Apophysitis and avulsion fractures are injuries unique to adolescents. An apophysis is a site of bone growth that originates separately from its primary bone and fuses upon skeletal maturity. The apophyses in the pelvis become evident around ages 13–15 and fuse in the 20s, although the lesser trochanter is first typically visualized earlier at 9–13 and fuses by 17 . The apophysis has a slow rate of bone turnover and as a result is 2–5 times weaker than the adjacent supporting soft tissues [12•]. Young athletes are prone to apophyseal injury because apophyseal ossification occurs concurrent with puberty when imbalances occur between bone growth and myotendinous tension. Moreover, structural alterations of the normal developing cartilage at the physes and apophyses within adolescents lead to injuries at lower stresses. There is a progression from the interdigitation of cartilage and bone in children to the fused bone in adults. In adolescents, the intermediary phase that results in portions of calcified and non-calcified cartilage creates a potential clean cleavage plane in which apophysitis or an avulsion fracture might readily occur .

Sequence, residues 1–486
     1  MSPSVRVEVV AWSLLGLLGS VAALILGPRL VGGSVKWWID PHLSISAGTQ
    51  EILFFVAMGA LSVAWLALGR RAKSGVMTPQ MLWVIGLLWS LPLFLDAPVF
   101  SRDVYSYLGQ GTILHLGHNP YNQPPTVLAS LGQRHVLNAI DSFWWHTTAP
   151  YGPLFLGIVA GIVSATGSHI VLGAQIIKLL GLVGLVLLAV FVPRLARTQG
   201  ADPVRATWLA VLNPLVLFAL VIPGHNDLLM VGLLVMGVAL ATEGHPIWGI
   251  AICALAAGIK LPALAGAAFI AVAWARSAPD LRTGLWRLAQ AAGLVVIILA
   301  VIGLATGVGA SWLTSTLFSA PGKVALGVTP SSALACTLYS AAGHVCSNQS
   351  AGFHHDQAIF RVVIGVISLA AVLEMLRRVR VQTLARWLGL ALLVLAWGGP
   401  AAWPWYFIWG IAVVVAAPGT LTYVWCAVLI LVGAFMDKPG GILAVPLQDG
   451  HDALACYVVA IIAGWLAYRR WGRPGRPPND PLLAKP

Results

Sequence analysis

Apophysitis is an overuse injury that occurs after repetitive stress is placed upon an apophysis without sufficient time to allow for recovery. Avulsion fractures are caused by forceful, eccentric contractions of a tendon upon its bony insertion and are more common with sports such as soccer and gymnastics (Fig. 2). In adults, similar mechanisms usually cause tendinous strains or tears. In young athletes, because of the weakness at the apophysis, injury at the apophyseal cartilage is much more likely than myotendinous. Any one of the pelvic apophyses may be injured, with the ischial tuberosity, anterior inferior iliac spine, and anterior superior iliac spine representing the majority of injuries; the pubic body, iliac crest, greater trochanter, and lesser trochanter are also susceptible .